Monday, April 9, 2012
The ocean has held a special place in my heart for as long as I can remember. Some of my most dearly held memories of childhood can be found at the Jersey shore, frolicking in waves and accumulating copious quantities of sand in my shorts. In adolescence, full days would be spent in sun, sand and surf, shredding my salty lips with frozen treats purchased from a vendor pacing the packed beach. Preferably, I'd find big waves to body surf back into shore. (Here was where I almost left the planet, held under by a particularly violent crest for much too long.)
So why was it that I never wanted to visit Hawai'i? Was it the fact that the flight was so long (more than 12 hours)? Was it that Oahu received more visitors in one week than Tahiti would receive in a full year? There was really no one good answer. But a visit from an indefinable "something" changed all of that back in the year 2000.
There are times in life when one enters a realm of spirit and mystery, a place where one must choose to travel by way of faith as no maps exist. I had met a woman after the turn of the millennium, an unexpected soul who gave me pause to see things differently. Within three months, a secret door in my subconscious slid open and a compelling idea took hold; you both must go to Maui.
The fact that I was in the final process of becoming divorced and had barely the means to live meant nothing; the thought consumed me. I obtained travel brochures, videos, information in the most traditional way (the internet being a strange and unkind beast to me at that time.)
That was March. By November, we were there.
It was definitely not easy. At times it became ridiculously dramatic even to the point where it seemed like we would break up and cancel everything at the last minute. It soon became obvious that despite all protest to the contrary, this journey WAS going to happen.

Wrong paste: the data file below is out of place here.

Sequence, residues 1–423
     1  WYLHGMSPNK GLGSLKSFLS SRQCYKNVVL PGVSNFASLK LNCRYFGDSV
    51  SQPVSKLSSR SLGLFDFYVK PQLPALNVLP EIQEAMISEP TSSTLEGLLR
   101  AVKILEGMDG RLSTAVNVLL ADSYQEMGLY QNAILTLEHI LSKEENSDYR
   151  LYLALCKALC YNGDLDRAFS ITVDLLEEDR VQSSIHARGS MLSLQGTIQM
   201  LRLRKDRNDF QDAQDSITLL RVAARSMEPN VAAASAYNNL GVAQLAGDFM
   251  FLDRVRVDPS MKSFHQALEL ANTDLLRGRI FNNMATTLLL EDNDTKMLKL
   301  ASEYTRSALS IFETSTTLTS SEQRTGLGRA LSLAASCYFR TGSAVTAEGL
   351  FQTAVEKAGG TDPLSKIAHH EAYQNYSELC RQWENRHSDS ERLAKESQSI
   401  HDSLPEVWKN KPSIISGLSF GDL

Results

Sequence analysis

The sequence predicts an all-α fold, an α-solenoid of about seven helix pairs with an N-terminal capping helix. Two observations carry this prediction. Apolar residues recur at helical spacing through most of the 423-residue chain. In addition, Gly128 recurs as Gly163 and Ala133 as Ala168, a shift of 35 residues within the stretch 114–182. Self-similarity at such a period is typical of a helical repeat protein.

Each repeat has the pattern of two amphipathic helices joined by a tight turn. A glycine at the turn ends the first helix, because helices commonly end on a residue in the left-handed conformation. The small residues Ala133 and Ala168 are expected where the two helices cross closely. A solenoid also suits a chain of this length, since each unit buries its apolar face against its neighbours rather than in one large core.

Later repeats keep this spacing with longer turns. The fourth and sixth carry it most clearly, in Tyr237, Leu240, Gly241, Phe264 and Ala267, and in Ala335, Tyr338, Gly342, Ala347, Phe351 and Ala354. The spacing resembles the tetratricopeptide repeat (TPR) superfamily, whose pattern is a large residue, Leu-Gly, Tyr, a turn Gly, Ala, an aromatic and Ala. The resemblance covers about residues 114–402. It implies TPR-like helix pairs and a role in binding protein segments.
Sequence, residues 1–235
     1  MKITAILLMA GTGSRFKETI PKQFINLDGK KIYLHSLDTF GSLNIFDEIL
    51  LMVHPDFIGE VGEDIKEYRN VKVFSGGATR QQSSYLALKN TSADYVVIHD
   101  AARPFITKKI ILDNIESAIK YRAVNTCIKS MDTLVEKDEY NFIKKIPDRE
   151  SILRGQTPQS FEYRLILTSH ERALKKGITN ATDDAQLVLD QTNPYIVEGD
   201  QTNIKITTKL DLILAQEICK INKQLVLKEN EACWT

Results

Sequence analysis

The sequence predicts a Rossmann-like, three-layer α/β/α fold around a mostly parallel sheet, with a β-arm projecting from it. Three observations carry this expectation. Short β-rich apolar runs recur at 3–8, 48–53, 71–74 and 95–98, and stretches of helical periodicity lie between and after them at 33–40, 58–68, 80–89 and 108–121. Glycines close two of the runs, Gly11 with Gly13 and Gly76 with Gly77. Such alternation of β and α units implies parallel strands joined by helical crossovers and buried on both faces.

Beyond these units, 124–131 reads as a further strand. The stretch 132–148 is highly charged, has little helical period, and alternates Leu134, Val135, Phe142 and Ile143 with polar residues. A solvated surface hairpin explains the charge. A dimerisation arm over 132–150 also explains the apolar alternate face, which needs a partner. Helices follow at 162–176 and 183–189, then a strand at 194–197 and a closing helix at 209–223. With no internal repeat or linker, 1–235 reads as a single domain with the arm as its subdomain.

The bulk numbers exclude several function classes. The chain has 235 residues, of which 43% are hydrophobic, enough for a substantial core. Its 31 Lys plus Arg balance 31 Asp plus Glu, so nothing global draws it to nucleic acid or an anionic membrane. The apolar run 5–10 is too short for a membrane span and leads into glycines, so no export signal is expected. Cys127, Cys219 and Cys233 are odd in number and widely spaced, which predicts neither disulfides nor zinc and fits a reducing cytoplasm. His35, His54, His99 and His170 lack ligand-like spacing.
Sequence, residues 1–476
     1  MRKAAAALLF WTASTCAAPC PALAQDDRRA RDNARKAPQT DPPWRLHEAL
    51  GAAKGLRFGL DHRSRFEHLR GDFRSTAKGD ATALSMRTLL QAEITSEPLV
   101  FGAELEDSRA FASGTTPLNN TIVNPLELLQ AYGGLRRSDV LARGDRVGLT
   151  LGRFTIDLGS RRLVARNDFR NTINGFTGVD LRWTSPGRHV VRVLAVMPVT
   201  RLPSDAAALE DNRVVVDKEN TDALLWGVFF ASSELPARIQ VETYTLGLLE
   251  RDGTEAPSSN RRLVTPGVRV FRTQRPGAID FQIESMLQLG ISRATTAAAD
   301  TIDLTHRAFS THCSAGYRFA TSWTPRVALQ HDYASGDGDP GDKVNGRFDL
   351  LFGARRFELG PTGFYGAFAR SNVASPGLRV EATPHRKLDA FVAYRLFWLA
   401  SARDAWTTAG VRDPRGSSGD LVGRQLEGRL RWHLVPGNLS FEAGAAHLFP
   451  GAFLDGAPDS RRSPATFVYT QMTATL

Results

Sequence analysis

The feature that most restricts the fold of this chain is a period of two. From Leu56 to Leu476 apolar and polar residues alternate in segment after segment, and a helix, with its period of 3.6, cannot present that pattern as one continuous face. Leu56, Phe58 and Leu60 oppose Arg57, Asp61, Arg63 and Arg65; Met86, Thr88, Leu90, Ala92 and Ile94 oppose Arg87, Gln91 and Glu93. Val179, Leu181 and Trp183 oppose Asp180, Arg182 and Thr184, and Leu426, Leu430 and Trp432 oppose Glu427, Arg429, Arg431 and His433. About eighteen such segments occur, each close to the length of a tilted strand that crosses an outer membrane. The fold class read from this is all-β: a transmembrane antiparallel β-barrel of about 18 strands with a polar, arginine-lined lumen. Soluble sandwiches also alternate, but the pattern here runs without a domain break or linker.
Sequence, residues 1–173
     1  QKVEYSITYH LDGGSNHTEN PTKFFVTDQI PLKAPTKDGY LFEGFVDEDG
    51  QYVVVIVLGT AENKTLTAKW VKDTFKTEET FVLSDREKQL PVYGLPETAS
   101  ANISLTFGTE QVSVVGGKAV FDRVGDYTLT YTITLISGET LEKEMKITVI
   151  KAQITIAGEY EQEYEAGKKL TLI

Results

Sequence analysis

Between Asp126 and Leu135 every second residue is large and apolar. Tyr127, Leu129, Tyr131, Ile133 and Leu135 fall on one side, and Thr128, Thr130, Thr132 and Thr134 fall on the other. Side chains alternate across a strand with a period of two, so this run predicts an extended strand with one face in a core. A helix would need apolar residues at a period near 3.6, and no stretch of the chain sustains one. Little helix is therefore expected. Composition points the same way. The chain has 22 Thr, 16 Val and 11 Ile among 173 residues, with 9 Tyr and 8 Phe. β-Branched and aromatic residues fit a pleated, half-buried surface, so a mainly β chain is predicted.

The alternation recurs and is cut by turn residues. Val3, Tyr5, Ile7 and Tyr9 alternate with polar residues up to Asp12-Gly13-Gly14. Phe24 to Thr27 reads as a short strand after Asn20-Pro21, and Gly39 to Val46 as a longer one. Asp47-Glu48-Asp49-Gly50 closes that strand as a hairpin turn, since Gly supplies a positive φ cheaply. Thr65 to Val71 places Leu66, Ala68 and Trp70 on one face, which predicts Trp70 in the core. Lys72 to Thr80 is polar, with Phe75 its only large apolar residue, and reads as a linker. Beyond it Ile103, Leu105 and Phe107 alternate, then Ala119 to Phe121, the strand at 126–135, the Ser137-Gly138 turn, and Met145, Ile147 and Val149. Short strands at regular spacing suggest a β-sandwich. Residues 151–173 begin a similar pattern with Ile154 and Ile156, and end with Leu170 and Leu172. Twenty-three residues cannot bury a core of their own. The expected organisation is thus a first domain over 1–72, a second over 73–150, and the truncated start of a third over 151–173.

Once I arrived, I knew why.
Have you ever ventured into someplace new and exotic and felt more at home than you did in your own skin? Waded into a rainbow painted ocean and known peace like never before? Driven around an island so thrilling and exalting that it was like being fully alive for the first time?
This only begins to scratch the surface of what I experienced the first time in Maui.
We went back three times in four years (and even threw in one additional trip to Oahu for a special person.) While sitting in this volcanic arena of beauty and wonder, I penned the words, "My heart lives here always." Towards the end of this April, I reclaim that piece of my heart by crossing my other ocean, appreciating it all more than ever.
While savoring the upcoming journey, I fill my days in the car while listening to favorite Hawaiian language musicians (such as Keali'i Reichel.) How can a language that has but 13 letters (5 vowels and 8 consonants) move my spirit so? I understand not a word yet the power and beauty evoked having me driving those same roads 6,000 miles away even as I traverse the canyons and perils of New York City in my car. It speaks such power, grace and beauty despite the foreign form.
It is in moments such as these that I gain a better idea, a more complete feeling that time and place are magnificent illusions that we invoke and experience. John Lennon said "Reality leaves a lot to the imagination." I find this to be more true than not. Yet these complex feelings that Maui evokes from me are best summed up by T.S. Eliot:
We shall not cease from exploration
And the end of all our exploring
Will be to arrive where we started
And know the place for the first time.